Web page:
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7th April 2011 - World Health Day

Conserving the world's living natural resources is essential for the fight against drug resistance

The theme of World Health Day in 2011 is "Antimicrobial resistance: no action today, no cure tomorrow" That action must include the conservation of biodversity and improved environmental performance by the health care sector.

Photo: A purple tunicate Clavelina spp. in the Indian ocean. Marine ecosystems are of particular interest to biomedicine for the enormous range of bioactive compunds which Clavelina and other species hold. © 2007 Cornelis Opstal / iStockphoto.com. Some rights reserved.

The number and diversity of drug resistant pathogens is increasing. Research has shown that drug-resistant infections account for a large number of emerging infectious diseases in the past 30 years, and that mutli-drug resistance (when an infection shows resistance to a range of drugs normally used to treat it) is a serious and growing concern.

The World Health Organisation warns that drug resistance is caused by the inappropriate use and over-use of antimicrobials, including the non-therapeutic use of antibiotics as growth promoters in agriculture.

The risk of resistance is also increased by the routine disposal of drugs and drug residues. The release of antimicrobial drugs into the environment from human use and manufacturing, veterinary applications, disposal at landfill, or use in aquaculture, increases exposure of microbes to those drugs, and therefore increases the potential for the development of drug resistance. Research has shown that pollution is an important risk factor, and that drug resistant microbes are found in nature and can be carried by wildlife, particularly by animals associated with agriculture or human settlements.

The WHO also warns us that the number of new antimicrobial drugs currently in development is too limited and that new drugs are not coming on stream fast enough to counter the growing need for new antimicrobial products.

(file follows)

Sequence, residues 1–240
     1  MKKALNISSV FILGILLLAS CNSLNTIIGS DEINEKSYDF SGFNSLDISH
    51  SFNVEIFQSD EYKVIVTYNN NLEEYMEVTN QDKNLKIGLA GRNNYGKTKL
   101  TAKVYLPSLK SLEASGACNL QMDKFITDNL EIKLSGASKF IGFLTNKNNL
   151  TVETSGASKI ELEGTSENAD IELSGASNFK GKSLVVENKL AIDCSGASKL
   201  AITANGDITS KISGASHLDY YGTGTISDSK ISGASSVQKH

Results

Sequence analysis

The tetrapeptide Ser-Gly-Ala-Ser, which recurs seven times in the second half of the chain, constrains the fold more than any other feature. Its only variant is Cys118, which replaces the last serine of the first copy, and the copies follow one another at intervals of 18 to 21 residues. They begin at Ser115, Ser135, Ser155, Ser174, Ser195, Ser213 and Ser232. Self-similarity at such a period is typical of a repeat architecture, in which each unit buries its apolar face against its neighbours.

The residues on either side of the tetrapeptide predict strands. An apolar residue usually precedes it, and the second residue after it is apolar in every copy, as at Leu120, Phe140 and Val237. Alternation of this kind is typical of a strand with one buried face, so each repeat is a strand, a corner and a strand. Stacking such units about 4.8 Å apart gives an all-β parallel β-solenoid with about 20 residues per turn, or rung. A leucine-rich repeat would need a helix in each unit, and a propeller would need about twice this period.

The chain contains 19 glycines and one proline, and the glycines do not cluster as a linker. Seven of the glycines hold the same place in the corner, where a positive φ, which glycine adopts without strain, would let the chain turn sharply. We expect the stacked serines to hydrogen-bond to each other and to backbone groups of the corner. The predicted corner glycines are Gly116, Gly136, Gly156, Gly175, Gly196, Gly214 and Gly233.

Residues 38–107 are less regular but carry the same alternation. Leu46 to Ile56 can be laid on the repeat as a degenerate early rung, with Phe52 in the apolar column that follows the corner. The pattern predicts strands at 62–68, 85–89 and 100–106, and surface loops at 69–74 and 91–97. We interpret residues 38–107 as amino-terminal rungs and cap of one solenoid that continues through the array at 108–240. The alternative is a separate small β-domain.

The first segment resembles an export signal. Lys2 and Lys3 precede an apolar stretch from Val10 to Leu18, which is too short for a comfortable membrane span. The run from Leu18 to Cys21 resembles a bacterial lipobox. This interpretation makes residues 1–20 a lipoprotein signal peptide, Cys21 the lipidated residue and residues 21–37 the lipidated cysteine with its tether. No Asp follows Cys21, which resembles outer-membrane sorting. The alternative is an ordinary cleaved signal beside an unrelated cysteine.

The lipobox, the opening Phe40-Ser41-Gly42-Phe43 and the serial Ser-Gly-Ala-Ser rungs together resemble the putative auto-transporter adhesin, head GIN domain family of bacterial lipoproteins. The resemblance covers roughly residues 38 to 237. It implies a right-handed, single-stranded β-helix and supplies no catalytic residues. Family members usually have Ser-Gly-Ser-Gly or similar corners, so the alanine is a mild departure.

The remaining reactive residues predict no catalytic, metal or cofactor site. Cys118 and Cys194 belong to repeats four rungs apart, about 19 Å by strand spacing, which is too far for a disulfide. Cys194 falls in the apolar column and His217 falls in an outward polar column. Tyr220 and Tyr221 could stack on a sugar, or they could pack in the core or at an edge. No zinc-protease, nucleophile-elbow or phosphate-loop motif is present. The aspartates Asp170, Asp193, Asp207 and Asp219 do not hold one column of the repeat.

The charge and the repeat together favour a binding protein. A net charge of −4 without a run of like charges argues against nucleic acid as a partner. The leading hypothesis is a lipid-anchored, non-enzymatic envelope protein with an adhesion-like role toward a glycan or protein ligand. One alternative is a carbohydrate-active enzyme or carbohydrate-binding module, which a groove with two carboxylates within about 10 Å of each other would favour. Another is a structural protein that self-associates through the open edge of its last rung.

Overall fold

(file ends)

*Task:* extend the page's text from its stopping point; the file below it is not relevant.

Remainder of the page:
Biodiversity - the variety of living organisms, their genetic make-up and the living systems which they create - has provided the foundations of medicine and a priceless store of medicinal compounds for centuries. The continuing loss of biodiversity (particularly the extinction of species and loss of genetic variety) threatens the development of future drugs, including antimicrobial products. Only a tiny proportion of the world's biodiversity has been investigated for medicinal potential, or even identified.

It is widely held that the decline in output from the pharmaceutical sector since the mid-1980s may be related to a move away from natural product exploration ("bioprospecting") in favor of synthetic chemistry. As more species are discovered and new drug-resistant diseases emerge, the value of biodiversity to the fight against drug resistance is increasingly clear. Conservation and sustainable use of our living natural resources is recognised as increasingly important for development of new antimicrobial products.

We need to conserve nature's living library of natural compounds in order to help to combat the rise in drug resistance and to insure society against the future emergence of new microbial pathogens.

If the threat of antimicrobial resistance is to be effectively managed and reduced, the health sector must also reduce its own impact on ecosystems. This means the development of better and more effective drugs that do not enter or do not persist in the environment. Hospitals and other health care facilities must also ensure that the use and disposal of drugs is environmentally sustainable. This means that the concept of Health Care Without Harm must become the standard for health systems around the world.

 

For further information on how the COHAB Initiative works to support wildlife conservation and sustainable health care systems in its programmes of work, please contact the secretariat.

 

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Photo: A purple tunicate Clavelina spp. in the Indian ocean. Marine ecosystems are of particular interest to biomedicine for the enormous range of bioactive compunds, including antimicrobials, which Clavelina and other species hold. © 2007 Cornelis Opstal / iStockphoto.com. Some rights reserved.

 

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